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Bowled over by dust.

A common substance in house dust is a major risk factor for asthma, according to work reported in the 1 December 2005 issue of the American Journal of Respiratory and Critical Care Medicine. The study charted room-by-room distribution of endotoxin, a lipid-like material that comes from the surface of bacteria, in the first nationwide snapshot of exposure in American homes. Then researchers looked at the relationship between household endotoxin exposure and the presence of allergic symptoms (such as hay fever) and asthma.

The field sampling showed that endotoxin exposure "isn't something that's only limited to inner-city homes or to homes that are dirty or to homes in certain parts of the country," says coauthor Darryl Zeldin, a senior investigator in the NIEHS Laboratory of Respiratory Biology. "Almost all the homes in the nation have detectable levels of endotoxin in multiple locations."

The study used data from the U.S. National Survey of Lead and Allergens in Housing, which ran from July 1998 through August 1999. In this survey, field personnel collected dust samples (and later analyzed their composition), recorded demographic and health data, and conducted visual inspections of a nationwide representative sample of 831 dwellings. Zeldin and colleagues were then able to analyze the health impacts of individual dust components from sources including not only bacteria, but also dogs, cats, rodents, cockroaches, dust mites, and fungi.

Although endotoxin was found in all of the homes studied, concentrations varied considerably from home to home and from room to room within a given home. Concentrations were on average highest on kitchen floors, but it was the bedroom exposure that was most highly associated with residents having doctor-diagnosed asthma, experiencing asthma symptoms such as wheezing, or using asthma medications. Zeldin says, "Endotoxin exists on [dust] particles that can go airborne with activity--vacuuming, sleeping on their bed or with their face in the bedding, kids playing on their beds or on the floor." The asthma-endotoxin link persisted at all exposure levels, with symptoms more likely with higher exposure.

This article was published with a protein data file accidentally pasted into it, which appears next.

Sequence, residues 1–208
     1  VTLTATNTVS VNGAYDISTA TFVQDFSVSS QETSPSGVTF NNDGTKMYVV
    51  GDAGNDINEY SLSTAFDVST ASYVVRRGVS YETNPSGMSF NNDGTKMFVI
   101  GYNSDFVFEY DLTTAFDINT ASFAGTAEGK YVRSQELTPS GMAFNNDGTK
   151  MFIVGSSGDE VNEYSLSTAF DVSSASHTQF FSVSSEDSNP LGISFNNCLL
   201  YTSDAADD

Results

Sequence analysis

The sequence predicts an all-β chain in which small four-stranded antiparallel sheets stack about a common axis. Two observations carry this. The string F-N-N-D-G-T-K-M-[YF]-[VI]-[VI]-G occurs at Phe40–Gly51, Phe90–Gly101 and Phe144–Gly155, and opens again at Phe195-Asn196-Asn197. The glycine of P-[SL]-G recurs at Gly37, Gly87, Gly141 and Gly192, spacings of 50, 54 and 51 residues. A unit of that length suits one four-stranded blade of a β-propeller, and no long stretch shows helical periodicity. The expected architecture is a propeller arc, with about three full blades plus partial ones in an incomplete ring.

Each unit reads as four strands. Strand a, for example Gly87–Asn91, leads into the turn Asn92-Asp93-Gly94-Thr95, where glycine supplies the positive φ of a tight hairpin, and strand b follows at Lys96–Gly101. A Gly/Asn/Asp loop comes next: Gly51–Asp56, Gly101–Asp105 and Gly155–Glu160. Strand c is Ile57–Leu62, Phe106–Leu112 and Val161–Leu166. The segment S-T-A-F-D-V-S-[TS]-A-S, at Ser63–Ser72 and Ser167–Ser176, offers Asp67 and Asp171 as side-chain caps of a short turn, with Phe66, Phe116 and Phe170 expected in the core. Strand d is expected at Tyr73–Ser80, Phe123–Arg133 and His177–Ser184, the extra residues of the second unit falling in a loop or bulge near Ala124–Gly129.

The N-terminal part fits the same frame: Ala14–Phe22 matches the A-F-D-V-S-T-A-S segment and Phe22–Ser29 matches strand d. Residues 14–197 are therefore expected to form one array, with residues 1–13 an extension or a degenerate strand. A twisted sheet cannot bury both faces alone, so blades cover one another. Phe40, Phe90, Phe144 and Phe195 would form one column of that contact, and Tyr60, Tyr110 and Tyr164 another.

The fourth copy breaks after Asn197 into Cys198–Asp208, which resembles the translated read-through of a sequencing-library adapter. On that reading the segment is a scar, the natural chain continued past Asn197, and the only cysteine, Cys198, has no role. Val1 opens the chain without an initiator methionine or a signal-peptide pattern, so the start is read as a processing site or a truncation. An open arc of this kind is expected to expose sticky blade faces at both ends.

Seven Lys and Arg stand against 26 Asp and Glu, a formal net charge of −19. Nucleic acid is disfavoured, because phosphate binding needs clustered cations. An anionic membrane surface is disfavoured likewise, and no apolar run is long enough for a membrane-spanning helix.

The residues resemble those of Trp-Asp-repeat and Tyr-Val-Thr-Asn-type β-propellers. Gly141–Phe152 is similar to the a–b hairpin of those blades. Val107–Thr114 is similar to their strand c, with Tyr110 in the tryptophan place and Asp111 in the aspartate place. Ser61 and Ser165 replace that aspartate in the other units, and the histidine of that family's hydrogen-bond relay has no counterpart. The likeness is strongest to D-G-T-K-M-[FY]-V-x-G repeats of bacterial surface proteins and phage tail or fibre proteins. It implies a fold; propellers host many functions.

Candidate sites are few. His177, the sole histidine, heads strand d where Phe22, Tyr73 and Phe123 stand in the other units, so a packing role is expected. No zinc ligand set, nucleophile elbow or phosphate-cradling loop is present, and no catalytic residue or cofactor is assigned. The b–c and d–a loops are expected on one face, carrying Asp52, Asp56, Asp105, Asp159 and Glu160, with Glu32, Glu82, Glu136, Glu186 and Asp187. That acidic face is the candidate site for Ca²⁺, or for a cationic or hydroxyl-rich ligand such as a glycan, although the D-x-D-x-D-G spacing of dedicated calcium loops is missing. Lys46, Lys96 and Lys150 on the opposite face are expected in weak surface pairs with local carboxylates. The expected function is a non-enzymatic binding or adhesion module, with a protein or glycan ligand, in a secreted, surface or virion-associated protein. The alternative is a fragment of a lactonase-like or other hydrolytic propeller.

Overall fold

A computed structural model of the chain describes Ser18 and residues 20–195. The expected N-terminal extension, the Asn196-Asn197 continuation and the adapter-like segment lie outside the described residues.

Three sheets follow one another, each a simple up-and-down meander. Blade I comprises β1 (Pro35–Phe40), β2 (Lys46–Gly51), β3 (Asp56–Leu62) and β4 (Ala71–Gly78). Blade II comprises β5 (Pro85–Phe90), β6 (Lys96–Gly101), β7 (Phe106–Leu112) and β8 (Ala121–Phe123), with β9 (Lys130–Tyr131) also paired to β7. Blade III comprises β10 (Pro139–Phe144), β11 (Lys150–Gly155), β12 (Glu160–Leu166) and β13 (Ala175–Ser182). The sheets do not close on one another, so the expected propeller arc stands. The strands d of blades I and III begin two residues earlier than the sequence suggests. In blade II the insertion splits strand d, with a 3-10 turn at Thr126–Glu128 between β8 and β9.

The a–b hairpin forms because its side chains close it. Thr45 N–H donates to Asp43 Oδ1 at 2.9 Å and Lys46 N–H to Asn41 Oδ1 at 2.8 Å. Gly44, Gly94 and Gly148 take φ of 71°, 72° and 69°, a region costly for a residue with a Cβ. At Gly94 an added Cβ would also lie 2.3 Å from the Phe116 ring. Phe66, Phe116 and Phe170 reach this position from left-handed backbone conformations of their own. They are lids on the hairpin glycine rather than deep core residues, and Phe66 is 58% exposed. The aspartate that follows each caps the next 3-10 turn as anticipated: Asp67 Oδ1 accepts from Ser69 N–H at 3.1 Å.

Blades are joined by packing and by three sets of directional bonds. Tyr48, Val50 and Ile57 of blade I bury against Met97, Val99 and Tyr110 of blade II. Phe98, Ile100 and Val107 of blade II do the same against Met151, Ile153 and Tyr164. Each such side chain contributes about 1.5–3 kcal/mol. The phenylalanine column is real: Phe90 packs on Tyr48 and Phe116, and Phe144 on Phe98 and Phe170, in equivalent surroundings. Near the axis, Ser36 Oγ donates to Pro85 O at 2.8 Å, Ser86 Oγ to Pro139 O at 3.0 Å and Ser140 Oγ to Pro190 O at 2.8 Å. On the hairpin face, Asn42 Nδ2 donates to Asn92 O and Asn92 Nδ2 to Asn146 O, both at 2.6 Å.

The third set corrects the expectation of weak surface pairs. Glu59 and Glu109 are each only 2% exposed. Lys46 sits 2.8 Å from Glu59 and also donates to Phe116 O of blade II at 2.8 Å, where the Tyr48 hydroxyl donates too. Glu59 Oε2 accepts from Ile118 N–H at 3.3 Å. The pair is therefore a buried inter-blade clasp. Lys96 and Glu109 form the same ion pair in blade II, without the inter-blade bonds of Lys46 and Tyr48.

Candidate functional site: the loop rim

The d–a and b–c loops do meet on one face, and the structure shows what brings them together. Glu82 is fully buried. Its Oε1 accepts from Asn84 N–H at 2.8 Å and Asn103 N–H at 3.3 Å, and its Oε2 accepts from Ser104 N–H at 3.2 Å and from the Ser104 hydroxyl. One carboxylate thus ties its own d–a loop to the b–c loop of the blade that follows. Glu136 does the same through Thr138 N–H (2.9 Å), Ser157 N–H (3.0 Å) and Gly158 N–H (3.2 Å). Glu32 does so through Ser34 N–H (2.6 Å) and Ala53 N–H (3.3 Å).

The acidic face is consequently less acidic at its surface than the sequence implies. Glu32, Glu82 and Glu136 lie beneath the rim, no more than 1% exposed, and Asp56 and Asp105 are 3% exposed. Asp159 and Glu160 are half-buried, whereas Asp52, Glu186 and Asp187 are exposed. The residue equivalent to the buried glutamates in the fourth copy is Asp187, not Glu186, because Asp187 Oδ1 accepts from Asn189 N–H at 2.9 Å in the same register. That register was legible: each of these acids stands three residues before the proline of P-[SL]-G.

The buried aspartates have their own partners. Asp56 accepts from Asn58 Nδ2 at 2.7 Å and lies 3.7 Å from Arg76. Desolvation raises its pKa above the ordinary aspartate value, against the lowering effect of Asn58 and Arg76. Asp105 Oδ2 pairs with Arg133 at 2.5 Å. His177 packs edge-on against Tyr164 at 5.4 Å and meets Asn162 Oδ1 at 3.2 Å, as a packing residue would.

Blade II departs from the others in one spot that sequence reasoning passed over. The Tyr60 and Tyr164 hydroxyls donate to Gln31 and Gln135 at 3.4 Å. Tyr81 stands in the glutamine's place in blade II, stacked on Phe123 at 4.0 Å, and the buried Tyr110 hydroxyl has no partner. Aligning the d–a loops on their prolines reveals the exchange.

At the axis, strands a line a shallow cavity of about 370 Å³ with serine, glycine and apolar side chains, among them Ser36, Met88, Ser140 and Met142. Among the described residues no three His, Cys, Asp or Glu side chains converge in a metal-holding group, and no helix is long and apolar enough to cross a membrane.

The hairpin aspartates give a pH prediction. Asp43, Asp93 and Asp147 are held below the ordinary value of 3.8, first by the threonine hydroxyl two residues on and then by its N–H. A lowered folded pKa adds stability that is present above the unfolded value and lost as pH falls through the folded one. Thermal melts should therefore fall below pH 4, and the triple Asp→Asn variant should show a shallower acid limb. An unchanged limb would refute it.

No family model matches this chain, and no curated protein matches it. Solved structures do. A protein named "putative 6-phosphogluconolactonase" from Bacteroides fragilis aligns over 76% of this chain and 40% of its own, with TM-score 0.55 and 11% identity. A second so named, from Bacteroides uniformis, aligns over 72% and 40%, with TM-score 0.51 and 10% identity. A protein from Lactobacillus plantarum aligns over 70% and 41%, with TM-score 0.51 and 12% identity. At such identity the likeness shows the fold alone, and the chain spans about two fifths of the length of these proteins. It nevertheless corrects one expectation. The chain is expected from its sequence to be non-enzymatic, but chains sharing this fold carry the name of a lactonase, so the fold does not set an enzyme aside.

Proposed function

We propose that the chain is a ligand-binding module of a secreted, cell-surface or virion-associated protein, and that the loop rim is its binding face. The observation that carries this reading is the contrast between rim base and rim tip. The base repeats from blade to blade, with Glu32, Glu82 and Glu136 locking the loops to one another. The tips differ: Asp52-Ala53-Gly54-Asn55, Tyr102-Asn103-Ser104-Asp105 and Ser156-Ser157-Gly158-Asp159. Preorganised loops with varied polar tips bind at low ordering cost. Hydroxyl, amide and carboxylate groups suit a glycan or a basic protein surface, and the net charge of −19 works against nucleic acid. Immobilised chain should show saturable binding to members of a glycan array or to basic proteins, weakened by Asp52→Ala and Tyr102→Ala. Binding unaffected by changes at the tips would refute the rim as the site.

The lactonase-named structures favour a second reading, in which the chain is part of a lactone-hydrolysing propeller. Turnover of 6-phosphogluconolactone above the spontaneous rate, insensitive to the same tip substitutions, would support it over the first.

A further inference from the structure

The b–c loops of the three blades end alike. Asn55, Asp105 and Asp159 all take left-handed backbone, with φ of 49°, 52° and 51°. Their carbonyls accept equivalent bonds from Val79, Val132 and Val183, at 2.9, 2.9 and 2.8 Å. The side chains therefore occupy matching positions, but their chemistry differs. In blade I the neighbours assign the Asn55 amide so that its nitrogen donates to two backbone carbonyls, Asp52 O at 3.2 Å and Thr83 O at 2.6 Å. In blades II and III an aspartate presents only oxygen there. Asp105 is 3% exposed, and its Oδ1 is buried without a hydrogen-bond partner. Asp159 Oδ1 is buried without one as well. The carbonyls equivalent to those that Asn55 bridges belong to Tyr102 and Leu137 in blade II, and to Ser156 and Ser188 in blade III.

The relationship of asthma to endotoxin was strong for adults in the study, but not for children. However, the authors say the original survey was not designed to collect information on when or how long people had been exposed, nor did it have sufficient statistical power to examine these relationships in young children.

So far, other work in children has mostly led to more questions. The answers may lie in inflammation of the airways rather than activation of allergy's histamine responses. "What is well understood is that endotoxin exposure worsens airway inflammation and symptoms in people with asthma," says Andy Liu, an asthma researcher at the National Jewish Medical and Research Center in Denver. "This investigation ... supports endotoxin's relationship with asthma as a toxic one, and is consistent with what has been reported with infant wheezing. What is perplexing is that, in older children, the association of allergy-associated asthma with endotoxin becomes a negative one: more exposure, less disease."

That kind of observation forms the root of the hygiene hypothesis--that exposure to infections in early life helps build an immune system that is less prone to allergic diseases in later life. But does an exposure-allergy relationship tie in with asthma?

"The question with the hygiene hypothesis is, can we extend it from 'infection' to endotoxin--which comes from bacteria--and can we extend it from allergy to asthma?" says lead author Peter Thorne, director of the Environmental Health Sciences Research Center at the University of Iowa. The current study suggests not, he says: "What we found is that endotoxin is causing symptoms of asthma in both those who are allergic and those who are not. So endotoxin exposure is not protecting people from asthma."
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Title Annotation:Asthma
Author:McGovern, Victoria
Publication:Environmental Health Perspectives
Date:Mar 1, 2006
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